Actor Yuri Kolokolnikov on the construction of a bridge between Russia and Hollywood

As an ambassador for this year’s Key Buyers event, the annual showcase of Russian content and talent hosted by the public film promotion organization Roskino, lead man Yuri Kolokolnikov, born in Moscow but raised in Canada sees itself as a suitable spokesperson for an event designed to build bridges.

“From my earliest childhood, my life was between East and West. I have witnessed how the world has come together, despite all the disagreements that exist, ”he said. Variety. “Our industry is at the forefront of this movement. We all want to get to know each other. And I would like to continue to be a part of this connective tissue.

Kolokolnikov’s Hollywood career began auspiciously when he met casting director Nina Gold, who was in Russia looking for actors for “Game of Thrones”. She offered him an audition and he was quickly chosen to play Styr, the leader of the fierce and cannibalistic Thenn tribe. It was the key role of the actor.

“It turned out to be an amazing adventure, I can’t say it any other way,” he said. “Before that, I had not had the chance to participate in a project of this magnitude. But luckily, I wasn’t a big fan of the show; I hadn’t even seen a single episode when I started working on it. Otherwise, with all this pressure from this kind of project, I would have pissed in my pants. “

With the worldwide success of “Thrones”, Kolokolnikov’s star began to rise. The suspect has over 80 feature film credits to his credit, including “Tenet” and “The Hitman’s Bodyguard”, and has caused a sensation in series such as FX’s “The Americans”.

Over the course of his career, he has seen the industry’s uptake of Russian talent evolve. “The era of stereotypical ‘Russian villains’ is drawing to a close,” he said. “Of course there are bad guys, you can’t escape them. But now you can see more in-depth stories with multi-faceted characters.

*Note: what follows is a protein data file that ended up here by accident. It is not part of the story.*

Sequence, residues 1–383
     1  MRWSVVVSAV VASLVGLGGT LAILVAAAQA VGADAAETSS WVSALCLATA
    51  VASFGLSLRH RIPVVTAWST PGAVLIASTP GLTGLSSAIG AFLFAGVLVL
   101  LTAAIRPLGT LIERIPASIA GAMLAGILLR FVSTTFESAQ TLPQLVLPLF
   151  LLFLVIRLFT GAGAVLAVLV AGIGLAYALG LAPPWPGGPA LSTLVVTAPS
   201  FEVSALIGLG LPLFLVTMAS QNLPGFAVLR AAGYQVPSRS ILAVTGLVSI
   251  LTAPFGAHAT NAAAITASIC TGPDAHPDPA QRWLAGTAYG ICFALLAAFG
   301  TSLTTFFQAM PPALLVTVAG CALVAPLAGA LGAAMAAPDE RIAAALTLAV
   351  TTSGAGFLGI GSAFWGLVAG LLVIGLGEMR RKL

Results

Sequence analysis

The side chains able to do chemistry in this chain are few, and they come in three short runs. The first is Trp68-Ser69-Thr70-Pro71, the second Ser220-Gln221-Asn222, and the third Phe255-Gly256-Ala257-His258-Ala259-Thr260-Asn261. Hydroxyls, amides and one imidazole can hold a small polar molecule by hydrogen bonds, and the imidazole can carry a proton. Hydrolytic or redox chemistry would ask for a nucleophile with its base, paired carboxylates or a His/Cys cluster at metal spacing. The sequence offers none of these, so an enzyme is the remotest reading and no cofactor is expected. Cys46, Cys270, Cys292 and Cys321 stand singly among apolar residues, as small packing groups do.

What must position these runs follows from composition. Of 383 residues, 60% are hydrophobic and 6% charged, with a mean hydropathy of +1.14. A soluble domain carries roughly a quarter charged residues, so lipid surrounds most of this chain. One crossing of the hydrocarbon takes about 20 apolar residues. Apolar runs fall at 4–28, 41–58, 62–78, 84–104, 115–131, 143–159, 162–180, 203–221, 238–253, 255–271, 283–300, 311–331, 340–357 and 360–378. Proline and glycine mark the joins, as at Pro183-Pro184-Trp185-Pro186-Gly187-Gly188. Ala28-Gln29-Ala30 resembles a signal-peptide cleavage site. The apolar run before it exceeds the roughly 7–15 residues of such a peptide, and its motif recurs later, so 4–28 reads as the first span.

This trend will only continue as Hollywood deepens the country’s rich talent pool, he said. “We have a lot of talent; it’s cheaper to film here; we have a lot of powerful and professional production companies, we are developing the discount system. Really, it’s a Klondike in terms of content creation.

Next time, Kolokolnikov will be a star on the Croisette in the Cannes competition title of Kirill Serebrennikov “Petrov’s Flu”. Later this year, he will star in a lavish adaptation of Mikhail Bulgakov’s novel “The Master and Margarita”, directed by Mikhail Lockshin, the director of the original Netflix drama “Silver Skates”. And he’s currently working on the third season of “Stories About Us,” a documentary series on Russian history that airs on the local History Channel.

Despite the full list, Kolokolnikov said he took nothing for granted, citing an old Russian proverb: “Don’t give up poverty or prison will always come your way.” “I guess it’s in our blood, a kind of genetic fear because so many generations have gone through both, poverty and imprisonment,” he said. “Just saying it’s like, ‘Hey, are you relaxing? Be careful ! And don’t enjoy your life too much because at any time, they can put a bitter end to it.

This mentality is one of the things that sustains his love affair with Russia. “An endless contradiction mixed with brutal natural energy, a huge multicultural and multinational territory [full of] the unpredictability, the paradoxes, ”he said. “It probably creates the very Russian mysterious soul that everyone wants to understand, but no one can fully understand it. Even I, sometimes, get lost with the answers.


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